Wednesday, July 04, 2012

Illustration on misreading

We know that words change their meaning over time (and place). For example when we read the word 'unicorn' in the King James Version of the Bible (Numbers 23:22, 24:8), we immediately think of a horse-like creature with horn on its head. 

However, in the 16th/17th century, the word 'unicorn' in the KJV is transliterated from the word used in the Latin Vulgate, unicornis, which means 'beast with a horn'. Therefore contemporary translations of the Bible such as the NIV replace 'unicorn' with 'wild ox'.

So sometimes when we read the Bible, regardless which translation, we impose the present meaning of a word onto the same word used in the past. D. A. Carson called this 'semantic anachronism'. (See his Exegetical Fallacies [USA: Baker Books, Second Edition, 1996], pp.33-35.)

Here's a picture to illustrate this form of hermeneutic:


Martin Yee said...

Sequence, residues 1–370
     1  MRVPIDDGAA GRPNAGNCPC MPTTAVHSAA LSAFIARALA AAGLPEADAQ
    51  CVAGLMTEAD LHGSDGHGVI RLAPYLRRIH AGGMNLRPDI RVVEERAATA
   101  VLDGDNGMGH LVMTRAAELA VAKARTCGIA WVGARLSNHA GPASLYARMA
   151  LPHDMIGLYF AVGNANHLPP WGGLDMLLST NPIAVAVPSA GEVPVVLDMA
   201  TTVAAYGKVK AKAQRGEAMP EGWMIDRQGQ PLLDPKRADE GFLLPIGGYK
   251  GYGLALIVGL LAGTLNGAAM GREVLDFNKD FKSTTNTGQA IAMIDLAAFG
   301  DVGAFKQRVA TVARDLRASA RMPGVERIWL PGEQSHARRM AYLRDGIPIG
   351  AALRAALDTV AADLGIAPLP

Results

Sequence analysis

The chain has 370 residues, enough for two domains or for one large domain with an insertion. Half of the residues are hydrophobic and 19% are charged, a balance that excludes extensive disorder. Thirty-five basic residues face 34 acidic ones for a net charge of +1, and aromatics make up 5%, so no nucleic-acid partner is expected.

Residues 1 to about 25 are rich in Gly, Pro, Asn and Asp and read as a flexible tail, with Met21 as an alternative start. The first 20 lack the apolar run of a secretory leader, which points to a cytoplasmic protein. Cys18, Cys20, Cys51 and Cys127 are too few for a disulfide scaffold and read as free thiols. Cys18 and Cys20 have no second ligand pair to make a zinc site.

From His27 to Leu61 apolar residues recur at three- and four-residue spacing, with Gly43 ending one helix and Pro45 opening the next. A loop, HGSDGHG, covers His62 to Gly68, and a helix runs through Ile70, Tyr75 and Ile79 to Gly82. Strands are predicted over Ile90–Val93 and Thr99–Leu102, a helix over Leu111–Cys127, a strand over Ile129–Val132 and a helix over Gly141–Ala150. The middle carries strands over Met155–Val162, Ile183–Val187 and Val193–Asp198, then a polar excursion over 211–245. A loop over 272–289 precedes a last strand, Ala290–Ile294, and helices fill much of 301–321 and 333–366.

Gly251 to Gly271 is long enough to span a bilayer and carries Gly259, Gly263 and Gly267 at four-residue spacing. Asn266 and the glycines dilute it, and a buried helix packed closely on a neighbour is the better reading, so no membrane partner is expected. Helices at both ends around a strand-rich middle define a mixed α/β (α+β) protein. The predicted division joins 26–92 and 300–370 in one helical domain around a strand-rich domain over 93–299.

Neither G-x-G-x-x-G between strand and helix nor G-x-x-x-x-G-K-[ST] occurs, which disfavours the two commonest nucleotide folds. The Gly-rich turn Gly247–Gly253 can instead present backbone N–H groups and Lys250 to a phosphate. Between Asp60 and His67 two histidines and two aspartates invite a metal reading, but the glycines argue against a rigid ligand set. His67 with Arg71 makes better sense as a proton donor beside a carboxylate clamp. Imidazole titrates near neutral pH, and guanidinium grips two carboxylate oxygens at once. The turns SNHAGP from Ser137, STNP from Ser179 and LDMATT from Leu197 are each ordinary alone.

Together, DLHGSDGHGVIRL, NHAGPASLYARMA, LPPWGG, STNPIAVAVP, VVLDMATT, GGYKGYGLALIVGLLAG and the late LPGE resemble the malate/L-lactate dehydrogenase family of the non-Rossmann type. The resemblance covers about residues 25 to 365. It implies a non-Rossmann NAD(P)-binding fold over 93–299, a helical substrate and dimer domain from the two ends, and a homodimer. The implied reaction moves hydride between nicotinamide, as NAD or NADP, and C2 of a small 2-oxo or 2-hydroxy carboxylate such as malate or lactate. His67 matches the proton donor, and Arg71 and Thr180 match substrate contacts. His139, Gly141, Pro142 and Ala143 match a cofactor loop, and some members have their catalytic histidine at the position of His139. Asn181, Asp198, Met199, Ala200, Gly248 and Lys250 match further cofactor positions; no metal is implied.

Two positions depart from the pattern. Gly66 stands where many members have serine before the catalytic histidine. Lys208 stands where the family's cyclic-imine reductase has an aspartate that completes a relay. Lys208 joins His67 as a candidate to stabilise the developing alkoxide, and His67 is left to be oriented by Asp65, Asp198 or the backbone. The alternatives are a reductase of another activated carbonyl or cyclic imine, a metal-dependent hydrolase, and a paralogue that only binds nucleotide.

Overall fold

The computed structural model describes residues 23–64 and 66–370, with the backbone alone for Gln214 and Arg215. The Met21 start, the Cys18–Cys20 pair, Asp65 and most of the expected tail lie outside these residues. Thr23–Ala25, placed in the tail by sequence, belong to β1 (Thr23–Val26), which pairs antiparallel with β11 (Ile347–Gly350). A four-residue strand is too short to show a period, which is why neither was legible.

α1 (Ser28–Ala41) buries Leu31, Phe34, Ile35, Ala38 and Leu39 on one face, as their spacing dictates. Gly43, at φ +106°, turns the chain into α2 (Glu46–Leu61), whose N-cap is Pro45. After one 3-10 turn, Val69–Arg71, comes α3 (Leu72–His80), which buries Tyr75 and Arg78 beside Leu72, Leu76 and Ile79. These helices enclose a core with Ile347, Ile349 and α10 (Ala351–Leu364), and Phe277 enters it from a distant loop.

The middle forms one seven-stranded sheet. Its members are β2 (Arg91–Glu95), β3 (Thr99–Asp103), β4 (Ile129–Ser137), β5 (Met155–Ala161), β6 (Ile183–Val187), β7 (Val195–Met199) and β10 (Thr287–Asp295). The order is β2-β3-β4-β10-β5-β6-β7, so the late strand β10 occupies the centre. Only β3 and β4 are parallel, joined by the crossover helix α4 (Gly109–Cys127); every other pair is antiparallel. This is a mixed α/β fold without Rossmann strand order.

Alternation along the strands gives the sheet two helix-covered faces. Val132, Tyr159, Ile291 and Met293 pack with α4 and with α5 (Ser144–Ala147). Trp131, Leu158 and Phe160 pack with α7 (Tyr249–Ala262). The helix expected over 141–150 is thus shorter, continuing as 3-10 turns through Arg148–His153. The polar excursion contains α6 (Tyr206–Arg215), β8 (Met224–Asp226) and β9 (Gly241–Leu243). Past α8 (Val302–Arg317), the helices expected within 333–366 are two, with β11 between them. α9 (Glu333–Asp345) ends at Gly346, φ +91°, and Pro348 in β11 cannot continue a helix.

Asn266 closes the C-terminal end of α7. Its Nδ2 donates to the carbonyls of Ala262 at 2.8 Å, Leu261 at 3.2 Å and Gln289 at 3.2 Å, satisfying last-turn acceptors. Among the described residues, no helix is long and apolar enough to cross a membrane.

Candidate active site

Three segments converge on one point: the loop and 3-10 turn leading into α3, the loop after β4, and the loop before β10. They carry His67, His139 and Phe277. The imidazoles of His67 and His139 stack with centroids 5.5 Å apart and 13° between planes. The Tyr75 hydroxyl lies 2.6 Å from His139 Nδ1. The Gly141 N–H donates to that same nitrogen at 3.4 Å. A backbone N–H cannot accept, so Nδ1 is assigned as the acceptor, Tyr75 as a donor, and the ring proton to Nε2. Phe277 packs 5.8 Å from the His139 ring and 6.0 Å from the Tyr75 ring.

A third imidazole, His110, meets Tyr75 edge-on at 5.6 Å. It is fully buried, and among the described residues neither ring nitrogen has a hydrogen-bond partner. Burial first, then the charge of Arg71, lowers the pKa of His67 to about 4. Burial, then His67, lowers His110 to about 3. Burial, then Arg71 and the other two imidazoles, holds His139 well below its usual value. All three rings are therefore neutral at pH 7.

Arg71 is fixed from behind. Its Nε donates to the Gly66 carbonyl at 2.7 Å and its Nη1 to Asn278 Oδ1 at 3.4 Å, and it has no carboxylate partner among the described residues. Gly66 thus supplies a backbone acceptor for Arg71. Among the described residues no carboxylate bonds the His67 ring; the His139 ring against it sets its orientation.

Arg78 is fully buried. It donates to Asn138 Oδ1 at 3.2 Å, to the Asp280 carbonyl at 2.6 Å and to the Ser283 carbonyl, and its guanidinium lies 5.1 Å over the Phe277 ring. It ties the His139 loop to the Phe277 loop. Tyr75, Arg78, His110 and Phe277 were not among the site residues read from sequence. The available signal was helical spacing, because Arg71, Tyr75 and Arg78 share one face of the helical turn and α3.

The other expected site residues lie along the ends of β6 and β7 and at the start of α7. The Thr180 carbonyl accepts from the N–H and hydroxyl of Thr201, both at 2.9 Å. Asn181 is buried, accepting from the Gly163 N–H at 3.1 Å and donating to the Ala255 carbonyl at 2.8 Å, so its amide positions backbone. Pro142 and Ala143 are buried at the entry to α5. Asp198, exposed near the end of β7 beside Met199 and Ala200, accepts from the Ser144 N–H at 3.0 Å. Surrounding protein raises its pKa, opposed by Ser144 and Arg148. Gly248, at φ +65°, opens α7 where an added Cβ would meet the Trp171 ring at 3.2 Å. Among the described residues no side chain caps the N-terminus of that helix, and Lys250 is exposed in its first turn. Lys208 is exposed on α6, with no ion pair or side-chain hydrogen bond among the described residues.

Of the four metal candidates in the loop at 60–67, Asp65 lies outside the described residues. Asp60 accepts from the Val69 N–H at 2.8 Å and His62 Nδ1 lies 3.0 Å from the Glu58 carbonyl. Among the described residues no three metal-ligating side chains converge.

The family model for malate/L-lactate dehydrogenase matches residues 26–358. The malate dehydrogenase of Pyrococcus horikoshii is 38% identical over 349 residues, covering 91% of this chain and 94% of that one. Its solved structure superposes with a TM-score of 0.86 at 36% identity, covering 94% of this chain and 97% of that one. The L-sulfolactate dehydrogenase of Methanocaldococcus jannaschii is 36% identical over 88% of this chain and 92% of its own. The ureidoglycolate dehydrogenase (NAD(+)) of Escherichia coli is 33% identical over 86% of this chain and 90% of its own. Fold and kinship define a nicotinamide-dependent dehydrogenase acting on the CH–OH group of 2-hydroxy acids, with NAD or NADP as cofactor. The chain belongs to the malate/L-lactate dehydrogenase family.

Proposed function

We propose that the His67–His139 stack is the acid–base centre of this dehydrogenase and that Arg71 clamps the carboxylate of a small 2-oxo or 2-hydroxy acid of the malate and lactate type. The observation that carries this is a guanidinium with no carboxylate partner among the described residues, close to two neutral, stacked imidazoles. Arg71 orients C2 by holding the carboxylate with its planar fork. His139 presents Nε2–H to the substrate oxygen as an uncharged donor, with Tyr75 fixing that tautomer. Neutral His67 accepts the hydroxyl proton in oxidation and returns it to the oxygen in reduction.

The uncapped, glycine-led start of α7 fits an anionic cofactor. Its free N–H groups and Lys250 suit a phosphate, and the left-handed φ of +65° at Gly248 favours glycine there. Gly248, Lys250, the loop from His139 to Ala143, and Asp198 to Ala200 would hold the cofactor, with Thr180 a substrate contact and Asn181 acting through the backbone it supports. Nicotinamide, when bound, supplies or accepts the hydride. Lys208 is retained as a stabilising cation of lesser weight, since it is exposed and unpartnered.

Hi Sze Zeng,

LOL. Nice cartoon. Misreadings can take many forms and also caused by various reasons. Some are due to plain ignorance or are unintentional. The worst are those that are intentionally misleading. For example see how Zwingli's writings were misread to mislead people thinking that Zwingli exposed Martin Luther passing on something as original when it is not. See


chin said...

Hi Sze Zeng,

Is unicorn = wild ox? As far as I know, unicorn has one horn (from the prefix uni=one). I don't not know any wild ox that has single horn. For me, it can be some extinct animal as i do not know any living animal that fit the definition of unicorn. Therefore, i would not say that unicorn is an example of a misreading. Or can you enlighten me with any animal with single horn that fit the description of unicorn?